How did you get interested in the use of theatre for populations affected by humanitarian crises?

For me, theatre is a place of magic. Since early in my childhood, theatre offers me a glimpse into the world- so much broader and, at times, more exciting than what immediately surrounds me in my everyday life. Human imagination, dreams and hopes can come to life in the theatrical space. The creative process of theatre offers an intimate journey to explore own identity, thoughts and emotions as individually, as well as in relation to others and various situations that we encounter in life. It enriches the mind and the soul, seeds understanding and empathy. It is all these elements that I continuously experience in my every theatrical adventure, so the thought and the interest to use theatre for people who are affected by humanitarian crises was quite apparent to me. Theatre in a unique and also in a quite powerful way offers the affected communities a safe space to deconstruct their identities, find their sense of belonging, try to understand what happened and where to go from there.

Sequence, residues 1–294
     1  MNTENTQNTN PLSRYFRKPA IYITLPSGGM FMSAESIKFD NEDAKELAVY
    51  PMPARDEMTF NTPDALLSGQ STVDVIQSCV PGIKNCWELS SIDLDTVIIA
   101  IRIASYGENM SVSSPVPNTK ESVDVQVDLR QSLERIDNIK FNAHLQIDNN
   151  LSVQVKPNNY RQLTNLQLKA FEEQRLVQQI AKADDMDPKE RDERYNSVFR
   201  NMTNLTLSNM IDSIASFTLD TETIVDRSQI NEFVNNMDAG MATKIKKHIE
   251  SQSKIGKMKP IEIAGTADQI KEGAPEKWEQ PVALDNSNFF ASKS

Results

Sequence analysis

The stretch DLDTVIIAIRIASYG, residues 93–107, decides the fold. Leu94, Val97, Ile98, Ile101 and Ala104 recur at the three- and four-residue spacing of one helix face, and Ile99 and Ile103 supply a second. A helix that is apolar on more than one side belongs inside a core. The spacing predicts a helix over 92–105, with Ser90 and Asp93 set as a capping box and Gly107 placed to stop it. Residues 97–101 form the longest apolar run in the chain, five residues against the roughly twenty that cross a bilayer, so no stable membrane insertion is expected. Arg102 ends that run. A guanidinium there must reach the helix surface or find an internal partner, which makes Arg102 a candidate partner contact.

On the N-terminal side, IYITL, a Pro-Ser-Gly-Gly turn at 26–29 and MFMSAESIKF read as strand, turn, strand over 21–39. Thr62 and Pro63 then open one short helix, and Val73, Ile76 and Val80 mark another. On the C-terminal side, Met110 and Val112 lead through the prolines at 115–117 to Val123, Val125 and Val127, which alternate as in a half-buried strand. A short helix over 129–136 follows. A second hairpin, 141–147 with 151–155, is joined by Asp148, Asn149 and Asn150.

You identify a number of challenges for the implementation of theatre activities in yourdissertation. How could these be overcome? 

Just like any other humanitarian intervention, it is important not to impose a pre-structured theatrical intervention on an affected community. An artistic intervention can work if the tools are based on community’s preference of creative expression, considering also the culture and the performative rituals that already exist within the community. This is important, in order to engage people on a deeper level and in a more familiar way. Especially, when working with displaced communities who are torn away from their countries, using familiar to them performative forms may enable a process for community strengthening and creating a space of trust and sense of safety.